Cannabis based medicines approved on NHS for first time

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GW Pharmaceuticals’ Epidyolex and Sativex medicines were recommended by the National Institute for Health and Care Excellence (NICE) after being evaluated for their cost-effectiveness.

Epidyolex is an anti-epileptic medicine used to treat seizures associated with Lennox-Gastaut syndrome (LGS) and Dravet syndrome for children over two years of age. When used in conjunction with other anti-epileptic therapies, Epidyolex has been shown to reduce the frequency of seizures.

Nabiximols has been developed to treat spasticity in patients with multiple sclerosis, following NICE’s evaluation of cannabis-based medicinal products (CBMPs).

The move has largely been welcomed by patients and charities though NICE’s guidelines have been called into question for restricting access to cannabis-based medicines to treat other conditions.

Sapphire Medical Clinics for instance called on NICE to reconsider how it evaluates the cost-effectiveness of cannabis-based medicines through randomised controlled trials (RCTs). Instead, NICE should take a more ‘holistic view of how it judges cost effectiveness,’ according to Dr Mikael Sodergren, managing director of Sapphire Clinics.

Speaking about the approval GW’s chief operating officer Chris Tovey said: “This is a momentous occasion for UK patients and families who have waited for so many years for rigorously tested, evidenced and regulatory approved cannabis-based medicines to be reimbursed by the NHS. This is proof that cannabis-based medicines can successfully go through extensive randomised placebo-controlled trials and a rigorous NICE evaluation process to reach patients. I am hugely proud of the entire GW team for achieving this milestone in the country where the company was founded and where both of these medicines were developed and are manufactured.”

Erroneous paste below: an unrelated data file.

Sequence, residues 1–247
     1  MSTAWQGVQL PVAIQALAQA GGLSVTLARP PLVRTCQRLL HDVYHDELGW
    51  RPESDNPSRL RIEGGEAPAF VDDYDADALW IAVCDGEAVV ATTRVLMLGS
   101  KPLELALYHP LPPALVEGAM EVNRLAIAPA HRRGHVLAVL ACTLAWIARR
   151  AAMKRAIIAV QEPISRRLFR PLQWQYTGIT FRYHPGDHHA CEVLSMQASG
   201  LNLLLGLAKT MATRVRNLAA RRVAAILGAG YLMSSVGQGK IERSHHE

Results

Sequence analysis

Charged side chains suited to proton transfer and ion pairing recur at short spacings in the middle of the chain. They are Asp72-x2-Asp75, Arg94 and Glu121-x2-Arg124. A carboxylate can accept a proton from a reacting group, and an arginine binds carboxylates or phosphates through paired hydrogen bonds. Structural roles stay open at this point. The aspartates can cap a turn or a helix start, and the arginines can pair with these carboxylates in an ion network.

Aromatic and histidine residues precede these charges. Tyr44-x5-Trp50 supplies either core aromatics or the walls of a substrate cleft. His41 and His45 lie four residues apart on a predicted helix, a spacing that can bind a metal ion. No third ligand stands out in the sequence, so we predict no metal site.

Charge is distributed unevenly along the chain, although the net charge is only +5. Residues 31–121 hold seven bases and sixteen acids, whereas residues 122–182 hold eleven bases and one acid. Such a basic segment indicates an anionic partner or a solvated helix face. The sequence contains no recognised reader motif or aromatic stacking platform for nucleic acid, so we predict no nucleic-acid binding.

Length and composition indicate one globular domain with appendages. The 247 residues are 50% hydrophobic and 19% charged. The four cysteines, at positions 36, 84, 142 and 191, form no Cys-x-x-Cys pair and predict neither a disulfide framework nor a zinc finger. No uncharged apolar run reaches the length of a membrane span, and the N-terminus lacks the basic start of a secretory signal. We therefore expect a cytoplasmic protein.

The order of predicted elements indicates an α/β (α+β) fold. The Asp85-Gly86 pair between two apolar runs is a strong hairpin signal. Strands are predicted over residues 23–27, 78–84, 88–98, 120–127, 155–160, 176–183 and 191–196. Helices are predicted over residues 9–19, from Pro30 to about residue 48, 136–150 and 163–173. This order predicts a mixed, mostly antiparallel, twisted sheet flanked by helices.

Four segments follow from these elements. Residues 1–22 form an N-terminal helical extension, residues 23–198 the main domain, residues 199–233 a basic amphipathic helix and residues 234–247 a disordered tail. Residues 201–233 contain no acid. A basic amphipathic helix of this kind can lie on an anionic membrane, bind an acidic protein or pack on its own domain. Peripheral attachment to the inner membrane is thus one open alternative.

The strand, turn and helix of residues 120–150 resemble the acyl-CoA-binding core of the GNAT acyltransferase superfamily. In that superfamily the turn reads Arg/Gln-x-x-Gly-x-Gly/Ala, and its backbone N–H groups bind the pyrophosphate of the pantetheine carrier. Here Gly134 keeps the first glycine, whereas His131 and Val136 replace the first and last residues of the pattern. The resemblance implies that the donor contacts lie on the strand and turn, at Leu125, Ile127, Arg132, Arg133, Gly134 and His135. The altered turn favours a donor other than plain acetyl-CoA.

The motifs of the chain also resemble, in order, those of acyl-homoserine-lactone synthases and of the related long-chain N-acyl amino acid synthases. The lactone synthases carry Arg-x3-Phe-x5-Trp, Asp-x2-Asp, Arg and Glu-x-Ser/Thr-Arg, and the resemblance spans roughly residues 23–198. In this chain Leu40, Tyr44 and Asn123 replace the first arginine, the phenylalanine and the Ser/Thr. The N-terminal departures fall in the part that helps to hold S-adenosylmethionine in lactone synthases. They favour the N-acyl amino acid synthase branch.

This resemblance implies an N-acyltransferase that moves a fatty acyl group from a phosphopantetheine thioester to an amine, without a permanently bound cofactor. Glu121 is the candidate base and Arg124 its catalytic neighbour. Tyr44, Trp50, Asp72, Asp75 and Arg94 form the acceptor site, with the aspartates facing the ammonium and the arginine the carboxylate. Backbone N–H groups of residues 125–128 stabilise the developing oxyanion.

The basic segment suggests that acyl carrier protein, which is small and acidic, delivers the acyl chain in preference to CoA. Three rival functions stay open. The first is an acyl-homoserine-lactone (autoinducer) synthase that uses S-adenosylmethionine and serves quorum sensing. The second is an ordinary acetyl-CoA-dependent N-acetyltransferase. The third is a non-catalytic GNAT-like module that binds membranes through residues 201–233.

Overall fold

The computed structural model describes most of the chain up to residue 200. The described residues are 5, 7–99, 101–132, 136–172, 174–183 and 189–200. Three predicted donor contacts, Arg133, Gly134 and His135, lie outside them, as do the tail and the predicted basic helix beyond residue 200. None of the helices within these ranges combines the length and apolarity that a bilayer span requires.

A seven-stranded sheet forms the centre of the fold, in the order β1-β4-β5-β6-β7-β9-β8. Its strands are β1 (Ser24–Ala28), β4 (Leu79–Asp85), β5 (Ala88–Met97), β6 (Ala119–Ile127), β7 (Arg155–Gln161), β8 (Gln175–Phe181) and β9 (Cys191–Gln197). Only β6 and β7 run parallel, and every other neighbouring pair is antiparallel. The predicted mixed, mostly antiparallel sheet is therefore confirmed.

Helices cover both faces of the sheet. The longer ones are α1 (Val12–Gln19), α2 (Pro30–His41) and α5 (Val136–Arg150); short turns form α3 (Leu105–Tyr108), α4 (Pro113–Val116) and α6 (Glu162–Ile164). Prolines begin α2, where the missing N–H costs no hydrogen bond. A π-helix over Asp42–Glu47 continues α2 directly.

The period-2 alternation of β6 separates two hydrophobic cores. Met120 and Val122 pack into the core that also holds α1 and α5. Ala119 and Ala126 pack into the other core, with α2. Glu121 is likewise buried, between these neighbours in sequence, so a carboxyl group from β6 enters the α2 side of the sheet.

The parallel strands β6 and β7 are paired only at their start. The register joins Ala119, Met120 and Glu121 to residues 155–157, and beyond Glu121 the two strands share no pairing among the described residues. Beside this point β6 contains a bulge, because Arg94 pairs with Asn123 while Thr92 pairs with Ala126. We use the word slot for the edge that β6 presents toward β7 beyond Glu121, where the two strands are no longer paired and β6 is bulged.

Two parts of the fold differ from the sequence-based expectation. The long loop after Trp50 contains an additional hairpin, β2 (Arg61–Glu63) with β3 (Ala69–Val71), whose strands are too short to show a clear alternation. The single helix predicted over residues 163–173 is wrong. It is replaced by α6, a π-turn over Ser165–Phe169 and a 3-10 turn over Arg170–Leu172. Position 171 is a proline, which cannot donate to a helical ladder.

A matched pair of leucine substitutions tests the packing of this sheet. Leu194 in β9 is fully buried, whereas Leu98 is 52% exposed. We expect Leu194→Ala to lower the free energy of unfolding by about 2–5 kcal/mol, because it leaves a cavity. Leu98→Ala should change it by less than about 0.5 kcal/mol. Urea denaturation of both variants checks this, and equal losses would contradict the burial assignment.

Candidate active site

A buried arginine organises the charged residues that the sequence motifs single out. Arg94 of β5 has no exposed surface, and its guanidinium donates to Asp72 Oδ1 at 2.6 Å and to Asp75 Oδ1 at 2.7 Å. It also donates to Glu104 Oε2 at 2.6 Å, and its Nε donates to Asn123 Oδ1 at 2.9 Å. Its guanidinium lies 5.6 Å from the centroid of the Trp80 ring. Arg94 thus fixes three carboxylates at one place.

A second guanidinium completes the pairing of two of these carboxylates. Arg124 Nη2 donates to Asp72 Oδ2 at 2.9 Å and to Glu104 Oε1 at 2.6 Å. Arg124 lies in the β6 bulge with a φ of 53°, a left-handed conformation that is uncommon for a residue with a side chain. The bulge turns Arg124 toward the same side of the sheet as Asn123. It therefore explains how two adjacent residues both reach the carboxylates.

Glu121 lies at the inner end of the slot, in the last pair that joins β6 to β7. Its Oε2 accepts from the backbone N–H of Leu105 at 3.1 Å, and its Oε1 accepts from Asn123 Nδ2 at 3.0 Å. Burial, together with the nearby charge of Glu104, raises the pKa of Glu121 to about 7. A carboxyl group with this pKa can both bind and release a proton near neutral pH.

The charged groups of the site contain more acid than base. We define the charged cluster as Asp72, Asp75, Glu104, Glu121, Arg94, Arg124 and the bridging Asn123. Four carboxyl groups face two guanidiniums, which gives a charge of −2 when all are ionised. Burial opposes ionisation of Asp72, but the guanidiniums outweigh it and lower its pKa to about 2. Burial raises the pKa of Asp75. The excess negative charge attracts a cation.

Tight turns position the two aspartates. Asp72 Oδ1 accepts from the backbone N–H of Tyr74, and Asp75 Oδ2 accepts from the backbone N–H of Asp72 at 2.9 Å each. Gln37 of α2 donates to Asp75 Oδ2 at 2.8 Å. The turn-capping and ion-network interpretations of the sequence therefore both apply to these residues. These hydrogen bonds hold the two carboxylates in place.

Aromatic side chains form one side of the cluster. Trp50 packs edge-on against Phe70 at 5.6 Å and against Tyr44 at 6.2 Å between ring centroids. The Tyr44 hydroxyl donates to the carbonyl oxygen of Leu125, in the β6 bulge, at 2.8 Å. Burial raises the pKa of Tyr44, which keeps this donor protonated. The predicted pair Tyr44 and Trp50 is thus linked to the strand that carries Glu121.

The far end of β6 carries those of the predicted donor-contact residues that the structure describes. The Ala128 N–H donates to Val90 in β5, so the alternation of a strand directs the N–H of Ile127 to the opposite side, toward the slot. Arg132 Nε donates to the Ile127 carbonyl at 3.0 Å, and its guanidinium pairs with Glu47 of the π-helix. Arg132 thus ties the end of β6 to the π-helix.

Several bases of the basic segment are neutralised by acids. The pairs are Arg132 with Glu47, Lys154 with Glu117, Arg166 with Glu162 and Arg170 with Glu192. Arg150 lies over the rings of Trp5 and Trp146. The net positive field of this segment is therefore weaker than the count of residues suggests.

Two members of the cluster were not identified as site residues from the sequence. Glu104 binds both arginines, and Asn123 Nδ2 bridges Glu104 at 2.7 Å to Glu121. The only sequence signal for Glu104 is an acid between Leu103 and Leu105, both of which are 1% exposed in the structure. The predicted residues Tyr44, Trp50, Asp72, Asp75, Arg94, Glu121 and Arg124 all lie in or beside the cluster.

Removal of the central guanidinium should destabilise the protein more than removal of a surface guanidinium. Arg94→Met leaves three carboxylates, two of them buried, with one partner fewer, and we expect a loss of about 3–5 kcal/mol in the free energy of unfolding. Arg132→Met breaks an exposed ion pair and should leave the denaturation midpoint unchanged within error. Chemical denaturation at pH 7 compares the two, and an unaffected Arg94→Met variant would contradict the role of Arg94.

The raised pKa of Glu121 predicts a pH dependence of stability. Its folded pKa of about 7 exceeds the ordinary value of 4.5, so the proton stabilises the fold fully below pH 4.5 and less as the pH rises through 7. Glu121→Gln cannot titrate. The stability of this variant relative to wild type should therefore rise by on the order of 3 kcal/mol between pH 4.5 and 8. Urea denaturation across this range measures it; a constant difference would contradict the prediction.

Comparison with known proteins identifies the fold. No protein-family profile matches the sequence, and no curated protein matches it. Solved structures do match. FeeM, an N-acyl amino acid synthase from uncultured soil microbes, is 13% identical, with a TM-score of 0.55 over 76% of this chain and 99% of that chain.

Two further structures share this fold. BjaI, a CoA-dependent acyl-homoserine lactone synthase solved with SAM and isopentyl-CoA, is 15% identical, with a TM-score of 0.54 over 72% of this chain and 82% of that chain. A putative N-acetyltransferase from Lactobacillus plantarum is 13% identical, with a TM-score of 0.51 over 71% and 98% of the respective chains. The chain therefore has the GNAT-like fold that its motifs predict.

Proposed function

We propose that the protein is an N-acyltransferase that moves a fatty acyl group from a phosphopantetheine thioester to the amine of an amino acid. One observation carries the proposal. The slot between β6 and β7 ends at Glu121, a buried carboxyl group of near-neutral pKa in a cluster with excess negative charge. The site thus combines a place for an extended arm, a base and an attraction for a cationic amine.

Commenting on the NICE recommendation for cannabidiol oral solution, Dr Rhys Thomas, consultant neurologist at the Royal Victoria Hospital in Newcastle, added: “This is a significant moment for adults and children with the most difficult to treat epilepsies. NICE’s recommendation of cannabidiol oral solution follows a period of great anticipation and enthusiasm for patients and their clinicians. The European Medicines Agency (EMA) licence and availability through the NHS is welcome as we badly need additional effective treatments for Dravet and Lennox Gastaut syndromes.”